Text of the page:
Learning to sew has been a most valuable skill. It’s not my favorite activity, but I always love the fact that I can create something I need, and I’m comforted to think that when the next depression rolls around, I have enough skills and scraps to avoid complete nakedness. I’m still way too impatient to attempt anything very complicated like sleeves, but I have made my share of skirts, curtains, tablecloths and slipcovers. Yes, you read that right. I can’t construct sleeves but I can create slipcovers from scratch. Women in third world countries provide all the inexpensive tops I might ever need, but every time I price a new couch I end up buying some bargain fabric and stitching together another slipcover. Like my first sundress they’re a little crooked, but they cover all the necessary places.
My first slipcover came about as a result of nesting instinct and an extremely hot July. I was eight months pregnant and craving a comfortable loveseat. I found one at a junk shop. It was cheap but ugly, so I borrowed my mother-in-law’s sewing book and found some vague directions for constructing slipcovers. I spent the next month of sleepless, hot nights measuring, cutting, cursing, tearing out stitches, re-measuring, re-sewing and finally successfully re-covering the second-hand loveseat I’d found at a junk shop. That loveseat has been through two additional slipcovers in the nineteen years since Scott was born and recently I’ve begun pricing sofas again. Sigh…. I think I see another slipcover in my future.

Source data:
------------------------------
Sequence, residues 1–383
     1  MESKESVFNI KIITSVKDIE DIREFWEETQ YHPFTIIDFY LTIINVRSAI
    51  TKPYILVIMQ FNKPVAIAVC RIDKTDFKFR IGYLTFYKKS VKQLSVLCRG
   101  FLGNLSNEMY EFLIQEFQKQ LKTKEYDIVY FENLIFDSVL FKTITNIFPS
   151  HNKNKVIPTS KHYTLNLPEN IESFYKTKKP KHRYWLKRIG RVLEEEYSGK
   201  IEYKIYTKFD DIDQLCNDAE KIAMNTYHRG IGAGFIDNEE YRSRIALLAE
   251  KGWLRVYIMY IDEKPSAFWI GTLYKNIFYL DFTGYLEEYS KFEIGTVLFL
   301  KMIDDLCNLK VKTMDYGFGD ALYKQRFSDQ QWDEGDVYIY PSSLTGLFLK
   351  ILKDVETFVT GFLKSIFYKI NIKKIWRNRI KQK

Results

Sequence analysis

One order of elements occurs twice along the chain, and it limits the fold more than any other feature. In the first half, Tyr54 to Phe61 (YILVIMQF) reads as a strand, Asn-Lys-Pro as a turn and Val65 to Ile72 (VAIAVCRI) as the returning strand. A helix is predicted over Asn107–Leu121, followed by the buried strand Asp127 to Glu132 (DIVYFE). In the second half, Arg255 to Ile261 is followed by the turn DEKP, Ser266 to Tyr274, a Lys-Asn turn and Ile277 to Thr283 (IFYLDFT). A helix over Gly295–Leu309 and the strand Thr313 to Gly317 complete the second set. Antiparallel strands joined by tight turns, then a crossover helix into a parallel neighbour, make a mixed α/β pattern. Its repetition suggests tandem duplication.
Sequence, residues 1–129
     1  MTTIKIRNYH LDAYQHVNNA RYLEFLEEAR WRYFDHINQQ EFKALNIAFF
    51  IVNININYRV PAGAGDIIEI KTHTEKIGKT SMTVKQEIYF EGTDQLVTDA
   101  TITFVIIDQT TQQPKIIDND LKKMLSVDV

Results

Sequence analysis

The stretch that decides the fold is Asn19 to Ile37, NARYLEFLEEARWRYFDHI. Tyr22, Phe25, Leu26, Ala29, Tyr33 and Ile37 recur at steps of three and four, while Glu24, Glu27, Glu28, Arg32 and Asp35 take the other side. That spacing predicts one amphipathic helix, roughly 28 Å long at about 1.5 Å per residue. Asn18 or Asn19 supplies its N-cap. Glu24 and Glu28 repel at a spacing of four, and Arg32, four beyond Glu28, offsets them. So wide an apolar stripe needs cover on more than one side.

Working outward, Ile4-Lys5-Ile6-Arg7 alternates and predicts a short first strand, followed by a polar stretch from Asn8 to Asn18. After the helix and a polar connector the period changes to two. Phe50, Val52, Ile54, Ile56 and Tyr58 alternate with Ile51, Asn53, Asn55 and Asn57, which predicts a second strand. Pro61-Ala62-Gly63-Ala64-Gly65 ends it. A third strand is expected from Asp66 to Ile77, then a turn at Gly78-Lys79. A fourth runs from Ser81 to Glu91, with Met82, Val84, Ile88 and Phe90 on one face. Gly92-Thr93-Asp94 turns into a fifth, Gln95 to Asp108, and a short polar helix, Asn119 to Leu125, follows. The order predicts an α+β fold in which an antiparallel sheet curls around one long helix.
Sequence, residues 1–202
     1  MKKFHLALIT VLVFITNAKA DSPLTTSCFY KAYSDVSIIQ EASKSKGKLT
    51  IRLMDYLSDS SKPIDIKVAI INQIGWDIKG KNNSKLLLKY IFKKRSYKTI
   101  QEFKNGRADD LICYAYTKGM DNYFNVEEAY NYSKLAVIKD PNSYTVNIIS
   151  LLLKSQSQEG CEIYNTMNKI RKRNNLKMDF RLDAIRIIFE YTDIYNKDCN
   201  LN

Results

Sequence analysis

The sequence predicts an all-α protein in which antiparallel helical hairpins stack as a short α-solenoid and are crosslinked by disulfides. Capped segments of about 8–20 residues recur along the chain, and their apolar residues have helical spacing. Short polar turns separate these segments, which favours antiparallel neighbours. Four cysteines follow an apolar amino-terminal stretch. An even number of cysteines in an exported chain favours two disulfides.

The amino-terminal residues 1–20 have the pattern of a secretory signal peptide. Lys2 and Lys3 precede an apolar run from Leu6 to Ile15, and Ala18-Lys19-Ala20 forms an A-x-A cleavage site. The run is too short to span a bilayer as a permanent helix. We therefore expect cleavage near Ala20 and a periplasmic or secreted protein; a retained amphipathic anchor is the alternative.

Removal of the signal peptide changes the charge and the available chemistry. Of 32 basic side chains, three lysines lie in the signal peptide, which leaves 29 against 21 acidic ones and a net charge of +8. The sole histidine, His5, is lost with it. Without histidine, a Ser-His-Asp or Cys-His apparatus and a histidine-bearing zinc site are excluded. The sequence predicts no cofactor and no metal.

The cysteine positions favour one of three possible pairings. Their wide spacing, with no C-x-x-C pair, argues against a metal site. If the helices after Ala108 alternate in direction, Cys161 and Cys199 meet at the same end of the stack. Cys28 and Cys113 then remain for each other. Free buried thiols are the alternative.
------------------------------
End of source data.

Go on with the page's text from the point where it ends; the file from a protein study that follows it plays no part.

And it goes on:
My grandmother was a whiz with a sewing machine. Many of my favorite dresses were handmade by Nana. When I attended cotillion and needed a special velvet dress for the Christmas ball, Nana and I picked out the pattern and the material and two weeks later I was a princess. She was old, but she was hip. One time, when I was drooling over a black watch plaid, knife-pleated wool skirt in an upscale department store (I believe we had gone there to buy bras), Nana whipped it off the hangar. I thought she was going to ask me to try it on and then offer to buy it for me. Instead, she flipped it upside down and held the hem up to her nose with one hand. She straightened her other arm, sliding the material through her fingers and counting. I watched the hemline moving from Nana’s nose to her outstretched hand like an inchworm. “Three yards,” she said. “Remember that.” Then we drove to the fabric store. She led me to the fine wool section. “See anything you like?” she asked. When I had picked out a plaid, Nana bought it, some buttons and thread and two weeks later the skirt I coveted was hanging from my waist. Nana even made a matching vest.
|Easter dresses a la Nana|